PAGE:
Blog > Category Post > Updated: 2018-Nov-15
To extend the performance and longevity of your windows, it’s important to inspect and properly maintain them on a regular basis, checking for potential issues and addressing repair concerns. By removing your screens every winter, you get an opportunity to inspect them twice a year.
Hung windows, sliding windows and patio doors have screens that are on the outside of the home. In winter, these screens allow snow to penetrate through the screen and accumulate on the outer frame of the window causing a build-up of snow directly between the screen, window frame and sometimes glass.
Although most outer window frames have drainage pours to allow for water drainage, they often get clogged with dirt and pollen and with changing weather conditions, the snow melts, freezes and expands, potentially causing damage to screen channels, frames and even sills.
Awning and casement windows have screens on the inside of the home. Because these screens are inside your home, they can trap condensation between the screen and the window - this can create a perfect opportunity for mould & mildew to develop.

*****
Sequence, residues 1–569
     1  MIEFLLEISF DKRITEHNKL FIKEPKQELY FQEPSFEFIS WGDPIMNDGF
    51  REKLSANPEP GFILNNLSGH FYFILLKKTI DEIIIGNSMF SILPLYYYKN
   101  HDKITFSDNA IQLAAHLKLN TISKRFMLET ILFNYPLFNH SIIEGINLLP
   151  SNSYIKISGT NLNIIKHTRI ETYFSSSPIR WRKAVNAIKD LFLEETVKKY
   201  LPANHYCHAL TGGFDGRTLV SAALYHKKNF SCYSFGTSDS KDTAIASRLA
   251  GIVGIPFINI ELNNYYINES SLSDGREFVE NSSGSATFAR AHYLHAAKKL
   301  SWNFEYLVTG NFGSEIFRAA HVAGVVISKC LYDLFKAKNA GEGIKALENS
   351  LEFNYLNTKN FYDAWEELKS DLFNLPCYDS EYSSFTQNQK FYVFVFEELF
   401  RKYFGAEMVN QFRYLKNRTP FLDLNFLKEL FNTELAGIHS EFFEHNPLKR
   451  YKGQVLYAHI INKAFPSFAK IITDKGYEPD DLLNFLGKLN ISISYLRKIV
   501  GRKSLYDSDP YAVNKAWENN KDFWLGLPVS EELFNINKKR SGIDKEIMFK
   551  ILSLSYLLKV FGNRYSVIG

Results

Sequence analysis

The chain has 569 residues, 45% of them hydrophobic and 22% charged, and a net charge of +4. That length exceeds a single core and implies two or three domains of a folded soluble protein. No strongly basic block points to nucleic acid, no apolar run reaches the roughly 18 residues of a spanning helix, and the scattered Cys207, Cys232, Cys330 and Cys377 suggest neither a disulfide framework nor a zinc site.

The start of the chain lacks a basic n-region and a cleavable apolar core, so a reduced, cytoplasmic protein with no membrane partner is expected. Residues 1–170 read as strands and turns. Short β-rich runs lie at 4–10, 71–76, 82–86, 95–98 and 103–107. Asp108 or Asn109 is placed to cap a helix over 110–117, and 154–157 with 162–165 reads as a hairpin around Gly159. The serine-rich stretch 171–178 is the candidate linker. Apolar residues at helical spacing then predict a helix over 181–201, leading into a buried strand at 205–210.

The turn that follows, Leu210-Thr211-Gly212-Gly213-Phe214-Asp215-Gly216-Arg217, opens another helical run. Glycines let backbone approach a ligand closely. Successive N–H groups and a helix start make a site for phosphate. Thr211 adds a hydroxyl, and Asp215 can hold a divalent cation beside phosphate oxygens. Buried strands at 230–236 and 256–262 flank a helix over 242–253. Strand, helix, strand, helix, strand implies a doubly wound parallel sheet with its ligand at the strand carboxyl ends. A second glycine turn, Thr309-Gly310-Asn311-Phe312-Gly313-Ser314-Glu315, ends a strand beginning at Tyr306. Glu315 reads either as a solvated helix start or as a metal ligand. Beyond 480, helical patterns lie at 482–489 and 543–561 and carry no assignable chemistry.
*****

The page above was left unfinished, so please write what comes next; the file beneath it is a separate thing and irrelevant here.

Removing screens will take away a little bit of outside winter darkness, allowing more light into the home and even increase a window solar heat gain coefficient increasing the home’s energy efficiency.
Snow is dirty and dirty snow leaves baked on dirt on the screens - removing the screens will prevent any dirt or debris from getting stuck between the screen and window and will make spring cleaning a little easier!
After removing your screens, If weather permits give both sides of each screen a quick vacuum to remove dust pollen and spider webs. Wash them with mild soap (avoid washing with power washers) rinse and dry with a soft towel. Labelling will take all the guesswork out of the re-screening process in the spring. Be sure store your window and patio door screens in a safe place where objects will not fall and damage your screens during the winter.